Wiltshire was asked if this, his fourth collection, as the other three have been, eventually will be sold. "No," he said. "Not in the next four or five years. After that, who knows?" Wiltshire says his taste lately has changed. His furniture and redware were auctioned, he explains, because they do not fit the comtemporary design of the new house he is building. "But I'm buying paintings, still."
"Most dealers and collectors of folk painting suspect that the great days when the best examples of this art form could be found in quantity are over," the catalogue informs us, and the catalogue is right. "The market, once so plentiful, has largely dried up," wrote John Walker, then director of the National Gallery of Art, in 1969. Wiltshire had not then begun his collection. His competitors - among them Col. Edgar William and Bernice Chrysler Garbisch, who began to form their 2,600-item collection during World War II - already had skimmed the cream from the available supply.
Considering the market, and the narrowness of his options, Wiltshire did not purchase badly. Some strong and charming, are in his exhibition. What is missing is a context that might let these pictures sing.
Though Isaac W. Nuttman's bushel-basket "Still Life" of 1865, with its piles of grapes and peaches, is a large, important picture, its importance is not stressed, for it is the only still life included in the show.
John Rasmussen's 1880 farm scene is as colorful and detailed as any Grandma Moses. This picture, says the catalogue, is the only landscape of its sort by that Pennsylvania Almshouse Painter. Were other works by Rasmussen on display beside it, its uniqueness might be seen. Sheldon Peck's double portrait of 1845, Thomas Chambers' exuberent Hudson River landscape and Winthrop Chandler's 1773 portrait of the stern-faced and bewigged Rev. Ebenezer Gay are other worthy pictures on display.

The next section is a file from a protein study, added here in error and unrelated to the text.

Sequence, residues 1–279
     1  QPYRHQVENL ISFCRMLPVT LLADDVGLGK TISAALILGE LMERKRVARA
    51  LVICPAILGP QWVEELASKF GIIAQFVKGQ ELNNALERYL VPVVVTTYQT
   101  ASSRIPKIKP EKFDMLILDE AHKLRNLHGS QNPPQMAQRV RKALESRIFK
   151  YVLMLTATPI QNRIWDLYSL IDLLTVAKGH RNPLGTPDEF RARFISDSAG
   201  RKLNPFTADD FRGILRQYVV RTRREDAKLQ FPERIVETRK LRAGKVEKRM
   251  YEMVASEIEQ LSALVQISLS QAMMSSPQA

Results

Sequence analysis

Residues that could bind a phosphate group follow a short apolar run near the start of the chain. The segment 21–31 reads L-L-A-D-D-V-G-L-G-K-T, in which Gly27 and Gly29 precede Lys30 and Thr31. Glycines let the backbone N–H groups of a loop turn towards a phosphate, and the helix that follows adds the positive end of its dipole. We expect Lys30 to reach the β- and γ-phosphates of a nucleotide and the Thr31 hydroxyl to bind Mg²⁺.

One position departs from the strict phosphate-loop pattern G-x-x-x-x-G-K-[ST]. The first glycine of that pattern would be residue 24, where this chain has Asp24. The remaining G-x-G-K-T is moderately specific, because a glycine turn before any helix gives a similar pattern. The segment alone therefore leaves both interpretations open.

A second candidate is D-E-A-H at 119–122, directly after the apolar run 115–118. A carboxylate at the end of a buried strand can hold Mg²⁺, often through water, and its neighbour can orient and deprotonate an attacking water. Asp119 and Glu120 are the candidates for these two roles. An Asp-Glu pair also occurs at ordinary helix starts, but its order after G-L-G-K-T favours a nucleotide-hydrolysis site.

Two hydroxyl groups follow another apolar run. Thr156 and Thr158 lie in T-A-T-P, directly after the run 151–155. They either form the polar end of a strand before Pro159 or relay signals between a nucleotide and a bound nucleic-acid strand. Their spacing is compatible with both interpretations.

Though once they were dismissed as primitive and crude, American folk paintings today are much admired for their historical associations, their innocence, the boldness of their patterns, their humor and their charm. All of Wiltshire's pictures are American antiques, but the weaker ones also are primitive and crude.
Look, for instance, at that somber, thick-necked child painted, without charm, by Jonathan Budington of Connecticut. Jacob Maentel's 1815 watercolor is a work of no distinction. Too many Wiltshire portraits, the hand-made snapshots of their era, are dark and bland and stiff.
The itinerant limners who produced them often were self-taught amateurs, and their lack of training shows. Unlike their academic colleagues, they did not understand perspective, or the play of light and shade. Though capable of handling draperies and lace, many of these artists has trouble painting hands. There is a child in a green dress here, by an anonymous artist of the 1830s, whose hands resembled blobs. Those of the lady portrayed in profile by the Borden Limner look more like lobster claws. "American Folk Painting: Selections From the Collection of Mr. and Mrs. William E. Wiltshire III" closes at the Philips Collection, 1600 21st St. NW, April 9.